A recent survey examining the statistics of all patients admitted to mental health wards in Okanagan hospitals between January and March revealed interesting information about psychiatric hospitalization in our region.
Men and women were equally represented and the average age for all admissions was 39.
Sixty-six percent of all admissions to psychiatric wards came from hospital emergency rooms. In other words, most patients arrive at the hospital during a crisis situation and are admitted for more specific treatment. Further, 35 % of patients were admitted because of a risk of intentional self harm or suicide.
Substance abuse and dependency is another factor that plays a major role in hospital use and is a serious problem in Okanagan psychiatric wards.
Of those admitted from the emergency room, one quarter were intoxicated when they arrived and substance use problems contributed to the need for admission in fully 45% of all patients admitted to psychiatric wards whether brought in from the ER or directly from the community.
This shows a need for combined psychiatric and chemical dependency treatment in the Okanagan. Unfortunately, this kind of integrated approach is still in its infancy in Kelowna as there are not enough resources or professionals who are comfortable dealing with both mental health and substance abuse problems. Also, there is a lack of facilities that are appropriate for both needs.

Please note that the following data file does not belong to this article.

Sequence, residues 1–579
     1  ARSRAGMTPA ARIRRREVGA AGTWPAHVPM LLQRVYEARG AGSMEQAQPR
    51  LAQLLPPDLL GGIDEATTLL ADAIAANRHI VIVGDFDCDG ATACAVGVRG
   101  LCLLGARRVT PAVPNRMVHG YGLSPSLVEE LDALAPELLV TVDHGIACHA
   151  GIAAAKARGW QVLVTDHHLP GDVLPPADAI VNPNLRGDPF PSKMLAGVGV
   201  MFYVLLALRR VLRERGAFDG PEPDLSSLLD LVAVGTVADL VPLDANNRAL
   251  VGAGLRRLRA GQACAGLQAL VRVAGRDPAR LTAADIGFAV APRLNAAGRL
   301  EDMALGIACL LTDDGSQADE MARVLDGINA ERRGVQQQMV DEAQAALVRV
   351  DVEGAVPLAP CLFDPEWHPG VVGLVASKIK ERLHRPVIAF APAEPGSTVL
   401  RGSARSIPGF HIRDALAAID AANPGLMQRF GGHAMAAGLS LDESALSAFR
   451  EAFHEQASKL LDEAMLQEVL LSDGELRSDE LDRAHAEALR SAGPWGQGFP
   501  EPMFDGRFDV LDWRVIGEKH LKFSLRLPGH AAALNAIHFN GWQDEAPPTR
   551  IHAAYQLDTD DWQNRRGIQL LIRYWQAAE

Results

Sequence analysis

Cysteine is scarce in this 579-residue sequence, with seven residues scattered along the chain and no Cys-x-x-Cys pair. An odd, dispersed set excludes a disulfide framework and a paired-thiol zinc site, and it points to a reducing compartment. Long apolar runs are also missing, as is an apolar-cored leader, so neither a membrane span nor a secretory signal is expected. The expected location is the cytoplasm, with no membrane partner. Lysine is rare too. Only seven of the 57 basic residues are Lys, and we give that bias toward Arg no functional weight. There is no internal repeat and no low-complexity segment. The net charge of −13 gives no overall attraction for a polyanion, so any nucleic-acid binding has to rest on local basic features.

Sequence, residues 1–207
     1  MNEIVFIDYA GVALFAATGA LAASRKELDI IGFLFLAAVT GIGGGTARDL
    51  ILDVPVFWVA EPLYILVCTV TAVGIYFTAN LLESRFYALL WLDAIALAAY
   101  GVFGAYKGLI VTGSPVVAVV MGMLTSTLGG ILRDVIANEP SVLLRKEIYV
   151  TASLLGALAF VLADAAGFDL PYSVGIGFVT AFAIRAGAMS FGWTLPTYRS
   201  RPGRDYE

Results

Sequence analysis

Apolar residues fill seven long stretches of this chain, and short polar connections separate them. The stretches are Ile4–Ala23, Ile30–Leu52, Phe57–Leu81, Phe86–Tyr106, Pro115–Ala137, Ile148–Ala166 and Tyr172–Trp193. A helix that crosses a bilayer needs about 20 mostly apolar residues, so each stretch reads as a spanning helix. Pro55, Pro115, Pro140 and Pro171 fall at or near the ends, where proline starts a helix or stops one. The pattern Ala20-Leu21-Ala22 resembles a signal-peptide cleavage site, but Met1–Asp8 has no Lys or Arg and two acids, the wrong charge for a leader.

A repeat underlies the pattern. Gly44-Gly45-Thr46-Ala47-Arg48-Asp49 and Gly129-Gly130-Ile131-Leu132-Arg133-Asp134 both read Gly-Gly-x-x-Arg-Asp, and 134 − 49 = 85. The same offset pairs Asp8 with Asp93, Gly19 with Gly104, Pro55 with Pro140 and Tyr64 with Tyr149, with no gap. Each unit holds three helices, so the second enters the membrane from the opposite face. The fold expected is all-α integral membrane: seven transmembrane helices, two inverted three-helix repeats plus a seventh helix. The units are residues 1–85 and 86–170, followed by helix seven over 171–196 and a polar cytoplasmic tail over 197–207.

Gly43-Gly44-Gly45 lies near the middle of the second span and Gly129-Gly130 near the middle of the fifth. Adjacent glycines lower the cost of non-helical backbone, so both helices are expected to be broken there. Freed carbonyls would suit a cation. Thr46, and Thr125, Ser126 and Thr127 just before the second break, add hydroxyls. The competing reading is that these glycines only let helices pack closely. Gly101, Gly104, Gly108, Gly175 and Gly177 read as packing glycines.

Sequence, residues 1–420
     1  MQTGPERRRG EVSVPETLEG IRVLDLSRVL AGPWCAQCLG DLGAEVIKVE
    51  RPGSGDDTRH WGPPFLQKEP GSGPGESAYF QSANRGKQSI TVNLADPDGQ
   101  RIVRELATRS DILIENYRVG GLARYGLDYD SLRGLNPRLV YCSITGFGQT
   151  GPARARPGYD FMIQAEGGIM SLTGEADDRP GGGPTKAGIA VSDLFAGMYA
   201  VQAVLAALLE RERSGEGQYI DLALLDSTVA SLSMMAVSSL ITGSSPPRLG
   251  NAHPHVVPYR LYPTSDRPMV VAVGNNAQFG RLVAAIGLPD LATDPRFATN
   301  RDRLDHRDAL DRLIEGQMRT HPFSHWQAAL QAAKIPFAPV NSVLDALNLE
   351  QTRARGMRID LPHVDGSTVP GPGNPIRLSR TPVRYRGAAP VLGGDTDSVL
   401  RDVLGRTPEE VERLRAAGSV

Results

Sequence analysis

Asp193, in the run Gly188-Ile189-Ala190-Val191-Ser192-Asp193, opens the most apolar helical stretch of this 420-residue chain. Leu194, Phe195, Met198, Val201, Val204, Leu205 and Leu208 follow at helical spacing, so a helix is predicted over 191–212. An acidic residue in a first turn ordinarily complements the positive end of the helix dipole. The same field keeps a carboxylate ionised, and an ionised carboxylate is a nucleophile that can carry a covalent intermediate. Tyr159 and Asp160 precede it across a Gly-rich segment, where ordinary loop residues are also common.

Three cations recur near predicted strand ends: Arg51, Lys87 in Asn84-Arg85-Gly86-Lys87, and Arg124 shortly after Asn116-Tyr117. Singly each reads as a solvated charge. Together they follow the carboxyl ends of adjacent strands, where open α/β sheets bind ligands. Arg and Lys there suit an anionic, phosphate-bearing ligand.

Better resources in this area would likely lead to a reduction in hospital admissions and suicides. Alcohol is a major factor in suicides and acts of violence.
When admitted, 32% of patients were experiencing an acute psychotic episode, 59% reported a depressed mood and 33% were not adhering to their previously prescribed treatments. Typically, patients remained in the hospital for an average of nine days while 34% stayed between one and three days. Many of these very brief admissions could likely be avoided altogether with better crisis stabilization facilities allowing for immediate intervention by a knowledgeable professional. This would serve patients better and reduce the need for valuable hospital beds.
The purpose of psychiatric admission is to quickly stabilize acute crisis situations, protect individuals who are at risk of harming themselves or others and set up long term treatment plans. Although it often surprises family members, most people are not in complete remission of symptoms when they are discharged from the hospital and are also not admitted unless they really can't manage in the community.
After a short hospital stay, individuals will usually still require follow up care at mental health clinics or with individual psychiatrists, addiction workers or other health care providers in the community.
Family members of mentally ill individuals should be aware that their loved one will likely only be hospitalized for a short period and may not be completely recovered when discharged.
Also, due to patient confidentiality regulations, hospital staff can only communicate with family members if the patient agrees to this. While family can provide information to the treatment team, the team may not be at liberty to discuss treatment plans with family if the patient doesn't want them to. This can be frustrating at times for family members who want to help.
Involuntary hospital admissions are sometimes necessary, but there are strict regulations surrounding them. These measures are only taken if a mentally ill individual is in danger of coming to harm if he or she is not hospitalized. Simply having a mental illness is not grounds enough to place people in treatment against their will. Forty-eight percent of all admissions in the Okanagan were involuntary.
Finally, 12 % of patients were homeless at the time of admission. More affordable housing would go a long way to reducing these admissions. Living on the street is not good for your mental health!